One thing I would quickly say about why hip-hop has maybe lasted longer than the British Invasion or the drum machines from the 1980s is that hip-hop has always been a little bit about pastiche. It’s always been bundling other allusions. Initially this was a cause for some stuffy music critics to say hip-hop was unoriginal and that it was derivative, but in fact hip-hop’s openness to other styles has allowed it to change and therefore remain the king of music genres in a way that even rock could not.
The last couple years Billboard has been shifting around how they track things. They’re now incorporating YouTube views and streaming plays, for example. You see something like “Bad and Boujee” and “Black Beatles” explode in recent months onto a nationwide scale. How much of that is helping out these things which 10 to 15 years ago might not have made it this far?
Sure. What’s interesting about those explosions is where they came from, right? “Black Beatles” was almost certainly launched by the Mannequin Challenge, so it was a bottom-up meme that launched a song rather than what we’re used to in the music industry, which is top-down distribution. The labels deciding what artist they want to make big, sometimes paying or bribing or nudging the DJs to play that music a lot and get people familiar with it and therefore fall in love with it.
But right now you’re just as likely to see songs bubble up and the tastemakers are coming from surprising places. The Migos song was very much helped by Donald Glover at the Golden Globes giving it a shout out. So you’re seeing the broadcast moments that consecrate these songs coming from surprising places and not the old-fashioned place, which was just radio.
One of the most interesting stories in the book is the circumstances surrounding “Rock Around the Clock,” which ended up flopping on its initial run but then a year later went on to become one of the key rock and roll songs of all time. What did you take away from that situation?
This is one of my favorite stories from the book, so I’m always happy to talk about it. “Rock Around the Clock” comes out in 1954 and is the b-side to a song called “Thirteen Women.” It essentially flops. It doesn’t sell that many records. It charts on Billboard for I think one week, even though it has a really big marketing push from the label. It’s destined to be forgotten.
Then it’s the next year, 1955, that a 10-year-old boy named Peter Ford, who lives in Los Angeles, buys this record “Rock Around the Clock” by Bill Haley & His Comets. His dad, Glen Ford, is a movie star and in this movie called Blackboard Jungle. The director for the movie comes over to Ford’s house and says, “Do you have any dangerous sounding music that I can use in this movie about juvenile delinquency?” The dad asks his son, Peter, to give the director a handful of his favorite rock and roll songs.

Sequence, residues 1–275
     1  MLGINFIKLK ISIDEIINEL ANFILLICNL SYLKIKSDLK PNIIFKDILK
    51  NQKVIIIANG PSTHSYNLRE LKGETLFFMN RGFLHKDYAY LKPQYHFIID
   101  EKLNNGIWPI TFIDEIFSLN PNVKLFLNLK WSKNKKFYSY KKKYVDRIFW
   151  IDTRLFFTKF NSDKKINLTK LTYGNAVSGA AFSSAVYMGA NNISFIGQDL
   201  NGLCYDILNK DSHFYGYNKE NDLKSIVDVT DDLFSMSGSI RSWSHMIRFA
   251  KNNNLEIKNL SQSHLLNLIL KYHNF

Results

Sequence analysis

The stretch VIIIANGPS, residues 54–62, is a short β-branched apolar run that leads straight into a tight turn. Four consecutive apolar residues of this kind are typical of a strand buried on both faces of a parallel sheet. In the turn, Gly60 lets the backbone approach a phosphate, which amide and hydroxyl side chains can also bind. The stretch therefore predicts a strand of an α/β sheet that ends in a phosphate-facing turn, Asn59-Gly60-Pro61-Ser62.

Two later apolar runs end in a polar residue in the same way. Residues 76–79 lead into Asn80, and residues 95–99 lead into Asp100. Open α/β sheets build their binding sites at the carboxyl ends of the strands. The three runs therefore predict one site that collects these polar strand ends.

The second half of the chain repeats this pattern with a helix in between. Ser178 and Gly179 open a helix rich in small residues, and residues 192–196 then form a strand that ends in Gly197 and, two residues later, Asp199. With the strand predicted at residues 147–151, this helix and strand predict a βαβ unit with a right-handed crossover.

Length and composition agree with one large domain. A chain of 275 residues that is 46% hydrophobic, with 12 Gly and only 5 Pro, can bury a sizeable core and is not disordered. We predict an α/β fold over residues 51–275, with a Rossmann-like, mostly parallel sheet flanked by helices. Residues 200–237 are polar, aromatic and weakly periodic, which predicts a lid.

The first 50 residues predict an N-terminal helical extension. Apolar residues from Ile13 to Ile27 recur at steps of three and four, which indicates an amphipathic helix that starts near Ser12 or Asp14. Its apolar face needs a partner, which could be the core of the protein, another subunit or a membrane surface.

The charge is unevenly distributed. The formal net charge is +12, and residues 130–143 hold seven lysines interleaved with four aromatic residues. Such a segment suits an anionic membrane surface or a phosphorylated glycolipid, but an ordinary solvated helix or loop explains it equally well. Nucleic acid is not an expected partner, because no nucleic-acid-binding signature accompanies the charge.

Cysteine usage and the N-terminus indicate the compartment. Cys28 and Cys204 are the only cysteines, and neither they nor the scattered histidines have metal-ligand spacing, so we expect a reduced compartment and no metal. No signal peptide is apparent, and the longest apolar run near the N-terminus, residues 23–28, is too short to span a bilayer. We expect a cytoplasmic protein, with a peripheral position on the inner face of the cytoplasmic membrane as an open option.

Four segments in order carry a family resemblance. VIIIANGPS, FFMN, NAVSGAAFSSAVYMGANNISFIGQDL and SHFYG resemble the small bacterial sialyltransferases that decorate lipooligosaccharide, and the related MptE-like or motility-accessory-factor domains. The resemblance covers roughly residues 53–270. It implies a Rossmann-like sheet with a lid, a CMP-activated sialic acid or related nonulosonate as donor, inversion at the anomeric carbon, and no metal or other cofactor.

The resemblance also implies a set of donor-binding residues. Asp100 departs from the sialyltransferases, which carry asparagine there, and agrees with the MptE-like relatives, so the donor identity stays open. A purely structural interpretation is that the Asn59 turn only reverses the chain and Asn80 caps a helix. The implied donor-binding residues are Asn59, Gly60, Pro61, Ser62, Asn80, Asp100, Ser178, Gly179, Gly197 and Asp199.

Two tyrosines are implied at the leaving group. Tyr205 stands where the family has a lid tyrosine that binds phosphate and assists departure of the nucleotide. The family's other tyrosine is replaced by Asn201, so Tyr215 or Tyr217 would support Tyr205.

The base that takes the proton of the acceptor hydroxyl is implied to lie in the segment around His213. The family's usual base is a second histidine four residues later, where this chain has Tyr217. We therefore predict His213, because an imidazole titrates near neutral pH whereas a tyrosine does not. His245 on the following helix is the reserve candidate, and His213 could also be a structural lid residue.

He gives them a lot of songs by black bands of the 1950s, like the Orioles, but in that stack he hands Richard Brooks “Rock Around the Clock.” The song ends up playing at the beginning of Blackboard Jungle, in the middle of Blackboard Jungle, at the end of Blackboard Jungle. And it’s only then, after the song re-debuts into movie theaters, that it becomes the No. 1 song in the country, the first rock and roll song to ever hit No. 1, and the second-best selling song of all time.
The reason I love this story is, one, it’s a fascinating example of a cultural product hitting relatively the same marketplace twice in 10 months and having entirely different outcomes. And two, as an explainer journalist, as someone who has just written a book about explaining cultural success, I think that it offers a case for humility. It says you can’t say that some products are destined to succeed or destined to fail. “Rock Around the Clock” sounded the same in 1954 as 1955, and it was a flop in 1954 and the biggest hit of the century almost in 1955. It’s really a remarkable story.
“What I mean when I say the viral myth is not that nobody shares anything. That would be absurdly silly to say. But rather what is predominantly responsible for the distribution of mass popularity online are broadcast moments rather than viral shares.”
Another thing I liked in the book is when you talk about the myth of going viral and how that’s not really what is happening when something like that occurs, rather it’s more of these broadcast systems. Can you explain a little more about that?
I think a lot of times when something goes big online and we don’t know how, we just default to saying, “Oh, it went viral.” But viral has a very specific meaning in epidemiology and disease. It means generations and generations of intimate shares or intimate infections. I get you sick, you get two people sick, and whatever disease it is, like typhus, is extended over many, many generations of intimate one-on-one sharing.
But there’s another way that information can go big and that’s a broadcast. 115 million people watched the Super Bowl. Did a Super Bowl ad go viral? It doesn’t really make a whole lot of sense to say that because 115 million people saw it at once. No disease spreads to 115 million people at once. So the question is, all right, what’s actually happening to a so-called viral video or so-called viral article?